Flyer's rights group: chaos could linger for weeks
SAN FRANCISCO (KGO) -- The Bay Area woman who helped establish the passengers' bill of rights is getting swamped with calls.
Many airline passengers in the Bay Area and across the country are angry after being stranded in the aftermath of this week's paralyzing blizzard. This experience is turning into a financial and emotional nightmare for many of the travelers.
Some passengers were even told that it could take weeks before they are able to catch a flight.
"The airlines appear to be auto re-accommodating people, and then several people called our hotline and they said that they had missed those flights because there was no communication from the airline telling them that they were re-booked. Now they won't be able to get out for two weeks," traveler Kate Hanni said.
Hanni founded a flyer's right website and hotline four years ago when she was stuck on an airplane in Austin for nine hours. In the last few days, she has been swarmed with desperate calls. With the blizzard, passengers are at the mercy of the airlines.
"Over the last few years as people booked online the airlines cut back on their call centers, so there are fewer people there to handle calls when you want to like in a situation like this," airline travel analyst Chris McGinnis said.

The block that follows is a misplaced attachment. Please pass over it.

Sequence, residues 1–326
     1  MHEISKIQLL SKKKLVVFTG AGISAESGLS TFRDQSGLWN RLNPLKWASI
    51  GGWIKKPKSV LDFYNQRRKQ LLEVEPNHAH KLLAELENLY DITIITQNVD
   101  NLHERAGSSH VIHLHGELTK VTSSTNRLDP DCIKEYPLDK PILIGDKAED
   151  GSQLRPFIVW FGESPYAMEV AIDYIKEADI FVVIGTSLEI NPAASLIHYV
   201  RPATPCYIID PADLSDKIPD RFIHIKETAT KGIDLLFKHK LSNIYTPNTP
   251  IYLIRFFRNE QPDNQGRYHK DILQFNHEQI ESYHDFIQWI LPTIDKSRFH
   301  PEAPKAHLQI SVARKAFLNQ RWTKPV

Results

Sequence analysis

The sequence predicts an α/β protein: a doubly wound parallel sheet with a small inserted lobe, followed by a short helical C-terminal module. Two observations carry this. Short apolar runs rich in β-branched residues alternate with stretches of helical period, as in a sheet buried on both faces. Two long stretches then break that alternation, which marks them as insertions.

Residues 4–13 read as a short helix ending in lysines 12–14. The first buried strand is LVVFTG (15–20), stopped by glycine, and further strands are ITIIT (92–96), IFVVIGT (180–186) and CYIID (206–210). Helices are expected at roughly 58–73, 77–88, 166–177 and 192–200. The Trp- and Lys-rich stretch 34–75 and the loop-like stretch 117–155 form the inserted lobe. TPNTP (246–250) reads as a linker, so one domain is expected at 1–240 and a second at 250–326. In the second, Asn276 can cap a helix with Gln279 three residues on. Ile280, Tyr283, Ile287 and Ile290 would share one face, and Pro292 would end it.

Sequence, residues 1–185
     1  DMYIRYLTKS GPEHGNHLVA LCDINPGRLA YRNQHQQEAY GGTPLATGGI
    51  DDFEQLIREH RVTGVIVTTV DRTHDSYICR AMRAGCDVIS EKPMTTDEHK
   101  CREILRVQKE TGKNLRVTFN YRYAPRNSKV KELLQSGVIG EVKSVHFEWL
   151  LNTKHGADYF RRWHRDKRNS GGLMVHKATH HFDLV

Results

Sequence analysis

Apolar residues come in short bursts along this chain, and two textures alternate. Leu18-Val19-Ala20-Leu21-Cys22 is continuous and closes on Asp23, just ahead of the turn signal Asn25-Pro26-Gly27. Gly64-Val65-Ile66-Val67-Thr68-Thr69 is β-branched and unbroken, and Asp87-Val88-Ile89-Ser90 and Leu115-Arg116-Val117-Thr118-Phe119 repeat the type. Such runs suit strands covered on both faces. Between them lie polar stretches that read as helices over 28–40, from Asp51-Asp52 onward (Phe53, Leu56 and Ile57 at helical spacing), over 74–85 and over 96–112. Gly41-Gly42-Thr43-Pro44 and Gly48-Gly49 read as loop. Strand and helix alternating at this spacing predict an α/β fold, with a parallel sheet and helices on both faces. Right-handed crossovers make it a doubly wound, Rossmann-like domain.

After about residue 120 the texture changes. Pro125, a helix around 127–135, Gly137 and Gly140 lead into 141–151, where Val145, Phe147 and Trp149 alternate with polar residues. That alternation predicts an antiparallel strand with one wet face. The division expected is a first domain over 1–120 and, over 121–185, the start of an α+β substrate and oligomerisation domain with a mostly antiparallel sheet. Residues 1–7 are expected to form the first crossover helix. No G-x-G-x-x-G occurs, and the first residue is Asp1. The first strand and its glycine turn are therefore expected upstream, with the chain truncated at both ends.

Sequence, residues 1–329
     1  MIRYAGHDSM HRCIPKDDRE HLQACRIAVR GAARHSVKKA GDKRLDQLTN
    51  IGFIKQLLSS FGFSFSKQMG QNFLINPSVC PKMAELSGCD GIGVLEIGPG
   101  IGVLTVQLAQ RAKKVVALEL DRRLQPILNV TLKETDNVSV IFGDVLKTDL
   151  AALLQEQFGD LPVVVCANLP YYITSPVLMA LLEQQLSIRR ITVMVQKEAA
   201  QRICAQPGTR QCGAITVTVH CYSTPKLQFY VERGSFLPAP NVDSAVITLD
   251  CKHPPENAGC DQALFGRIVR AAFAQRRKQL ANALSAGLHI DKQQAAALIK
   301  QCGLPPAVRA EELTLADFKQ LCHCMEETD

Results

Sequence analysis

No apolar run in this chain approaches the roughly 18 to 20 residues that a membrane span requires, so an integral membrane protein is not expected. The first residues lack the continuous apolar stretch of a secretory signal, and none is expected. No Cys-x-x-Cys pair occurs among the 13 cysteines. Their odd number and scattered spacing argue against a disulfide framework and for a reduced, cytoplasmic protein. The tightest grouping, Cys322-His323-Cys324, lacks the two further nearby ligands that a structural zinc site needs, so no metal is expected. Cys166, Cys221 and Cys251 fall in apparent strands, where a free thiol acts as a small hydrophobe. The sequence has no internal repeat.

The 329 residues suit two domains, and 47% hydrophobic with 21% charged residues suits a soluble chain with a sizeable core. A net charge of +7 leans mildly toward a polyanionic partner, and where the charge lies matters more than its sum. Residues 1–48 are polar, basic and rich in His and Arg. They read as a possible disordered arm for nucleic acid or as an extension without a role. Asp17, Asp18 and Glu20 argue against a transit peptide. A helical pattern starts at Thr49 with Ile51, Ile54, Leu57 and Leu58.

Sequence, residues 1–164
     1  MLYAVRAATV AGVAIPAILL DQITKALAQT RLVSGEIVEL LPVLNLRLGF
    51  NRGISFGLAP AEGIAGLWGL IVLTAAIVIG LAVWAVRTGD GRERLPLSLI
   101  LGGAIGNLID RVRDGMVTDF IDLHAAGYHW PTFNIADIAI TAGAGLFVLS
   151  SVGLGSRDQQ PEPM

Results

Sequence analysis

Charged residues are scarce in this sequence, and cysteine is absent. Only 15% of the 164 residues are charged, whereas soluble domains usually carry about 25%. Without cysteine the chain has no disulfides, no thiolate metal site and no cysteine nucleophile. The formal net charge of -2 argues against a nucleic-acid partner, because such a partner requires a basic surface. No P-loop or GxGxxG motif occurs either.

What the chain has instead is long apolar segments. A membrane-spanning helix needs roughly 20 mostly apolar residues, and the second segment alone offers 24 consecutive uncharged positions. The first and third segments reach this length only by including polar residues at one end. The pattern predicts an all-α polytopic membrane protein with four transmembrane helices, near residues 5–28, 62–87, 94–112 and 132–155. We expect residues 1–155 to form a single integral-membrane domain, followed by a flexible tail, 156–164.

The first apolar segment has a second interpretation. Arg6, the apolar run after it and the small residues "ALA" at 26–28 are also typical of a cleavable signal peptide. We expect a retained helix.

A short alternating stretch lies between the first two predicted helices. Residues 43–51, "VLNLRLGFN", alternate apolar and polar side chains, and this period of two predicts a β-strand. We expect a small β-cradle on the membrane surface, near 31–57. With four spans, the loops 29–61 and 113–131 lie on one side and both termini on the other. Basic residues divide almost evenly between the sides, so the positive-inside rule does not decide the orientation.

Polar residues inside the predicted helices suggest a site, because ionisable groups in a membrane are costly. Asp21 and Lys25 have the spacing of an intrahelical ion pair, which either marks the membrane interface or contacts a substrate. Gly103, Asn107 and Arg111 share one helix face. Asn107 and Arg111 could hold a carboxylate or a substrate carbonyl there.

With seats packed on those flights, there are no ways to accommodate those stranded. McGinnis says the airlines are trying.
"They are using more planes and larger planes to run on the more popular routes like New York to Atlanta, or New York to Los Angeles, where people need to get some lift out of there," he said.
Hanni said don't count on it.
"You are at the bottom of the food chain, and if you were a coach passenger and you bought your ticket with frequent flyer miles, I guarantee you, you will be the last person out," she said.
She even advocates driving cross-country is better than driving for another flight.
"Driving is a better option, or trains, or some other form of transit," Hanni said.
One family whose flight out of JFK was cancelled and were not able to get a seat until Jan. 4 took things into their own hands drove to Washington D.C., caught a flight to Atlanta and then made it to SFO -- all for a mere $1,500 each.
Things may worsen on Thursday for air travelers in Denver and Salt Lake City as they are anticipating a blizzard there.
san francisco international airport, snow, freeze, new york, airline industry, peninsula news
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